And after explaining all that, my pastor looked at me and said, “The thing is, Anna, she’s a child of God.  Just like you and me.  God loves her even though she’s smelly and mean, and not living in the same reality as the rest of us.  And God doesn’t want her to be hungry, or cold, or sick, or homeless, but she is.  So if the only thing we can do to help her is to see that she gets a good hot meal once in a while at a potluck, well, that’s quite literally the least we can do.  And, Anna, our basement is pretty big.  If you sit on the other side of the room, you won’t be able to smell her while you’re eating.  And even if you can’t eat with her in the room, you have lots of food at home.  You won’t go hungry.  If she doesn’t eat here with us, she will be going hungry.  God calls us to love all people, and welcome the stranger, and feed the hungry.  She needs a place to be welcomed, and she’s definitely strange, and she’s hungry.  So if it comes down to a choice between following the Gospel and your comfort level, I’m sorry, but we have to put the Gospel first.”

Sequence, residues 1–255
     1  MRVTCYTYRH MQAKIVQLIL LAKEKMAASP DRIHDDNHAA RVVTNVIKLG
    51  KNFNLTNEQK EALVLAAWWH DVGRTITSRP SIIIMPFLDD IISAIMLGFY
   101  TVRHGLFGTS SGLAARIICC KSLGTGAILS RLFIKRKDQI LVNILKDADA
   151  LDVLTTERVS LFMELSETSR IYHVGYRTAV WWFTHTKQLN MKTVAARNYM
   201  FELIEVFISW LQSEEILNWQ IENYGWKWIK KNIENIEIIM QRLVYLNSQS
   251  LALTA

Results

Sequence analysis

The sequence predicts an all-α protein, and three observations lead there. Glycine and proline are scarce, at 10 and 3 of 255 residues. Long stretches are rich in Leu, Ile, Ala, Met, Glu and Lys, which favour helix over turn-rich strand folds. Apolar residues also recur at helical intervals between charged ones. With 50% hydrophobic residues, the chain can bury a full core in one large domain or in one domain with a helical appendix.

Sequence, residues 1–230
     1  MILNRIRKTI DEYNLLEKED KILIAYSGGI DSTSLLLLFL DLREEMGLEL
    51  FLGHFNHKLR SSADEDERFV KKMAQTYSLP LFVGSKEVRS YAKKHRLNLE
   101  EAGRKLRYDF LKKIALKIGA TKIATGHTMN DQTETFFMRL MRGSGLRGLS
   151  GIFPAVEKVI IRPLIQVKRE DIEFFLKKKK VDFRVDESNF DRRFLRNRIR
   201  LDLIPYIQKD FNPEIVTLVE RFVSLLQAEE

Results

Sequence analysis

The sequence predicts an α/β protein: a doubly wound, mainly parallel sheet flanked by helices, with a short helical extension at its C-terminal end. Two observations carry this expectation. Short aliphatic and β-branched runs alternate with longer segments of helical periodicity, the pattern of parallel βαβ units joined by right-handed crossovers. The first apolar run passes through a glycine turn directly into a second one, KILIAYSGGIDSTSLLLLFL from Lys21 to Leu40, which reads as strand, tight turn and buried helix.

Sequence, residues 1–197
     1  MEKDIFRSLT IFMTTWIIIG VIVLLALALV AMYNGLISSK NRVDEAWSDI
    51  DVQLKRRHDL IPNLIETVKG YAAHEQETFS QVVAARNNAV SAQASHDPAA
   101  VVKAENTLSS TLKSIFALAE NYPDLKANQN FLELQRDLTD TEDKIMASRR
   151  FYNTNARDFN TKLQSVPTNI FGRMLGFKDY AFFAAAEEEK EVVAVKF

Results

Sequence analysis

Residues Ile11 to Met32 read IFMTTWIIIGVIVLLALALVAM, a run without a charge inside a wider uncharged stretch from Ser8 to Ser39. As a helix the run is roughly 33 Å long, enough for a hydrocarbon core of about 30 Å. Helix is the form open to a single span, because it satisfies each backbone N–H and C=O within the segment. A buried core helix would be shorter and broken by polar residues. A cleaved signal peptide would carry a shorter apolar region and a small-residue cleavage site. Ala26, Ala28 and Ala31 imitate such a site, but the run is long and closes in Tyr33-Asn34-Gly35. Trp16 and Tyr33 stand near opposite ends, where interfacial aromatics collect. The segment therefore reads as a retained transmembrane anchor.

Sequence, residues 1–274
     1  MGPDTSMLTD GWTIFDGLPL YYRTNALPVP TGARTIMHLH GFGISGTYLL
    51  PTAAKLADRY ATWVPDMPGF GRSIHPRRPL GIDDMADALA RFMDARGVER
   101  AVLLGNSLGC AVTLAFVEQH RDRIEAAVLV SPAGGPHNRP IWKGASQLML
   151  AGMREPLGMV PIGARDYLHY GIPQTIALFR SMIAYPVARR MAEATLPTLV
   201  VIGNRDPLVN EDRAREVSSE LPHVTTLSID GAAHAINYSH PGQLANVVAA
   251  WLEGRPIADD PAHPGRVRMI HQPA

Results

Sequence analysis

I was mortified.  I was so embarrassed.  My pastor hadn’t spoken in a condemning or judgmental way.  She had been very compassionate to me.  But I, of all people, should not have needed to have that explained.  Being a Christian and being faithful to God has always been very important to me.  As a kid, I not only listened to the main sermon, I sometimes took a printed out copy of it home with me to read later and think about.  I paid attention to Sunday School, I went to adult Bible study as a teenager, being a Christian wasn’t just something I did because my family was Christian.  I was really proud of my devotion.  If some issue in my life had a connection to Jesus’ teachings, I should have been able to spot it a mile away.  And yet, I hadn’t.  Even at that age, if you’d asked me to give a temple talk on Jesus’ words to love the stranger, I probably could have done a decent job of it.  But when I saw someone who definitely, genuinely needed compassion and help, my only thought was “holy cow, she is so gross, can we get her out of here so I don’t have to deal with her?”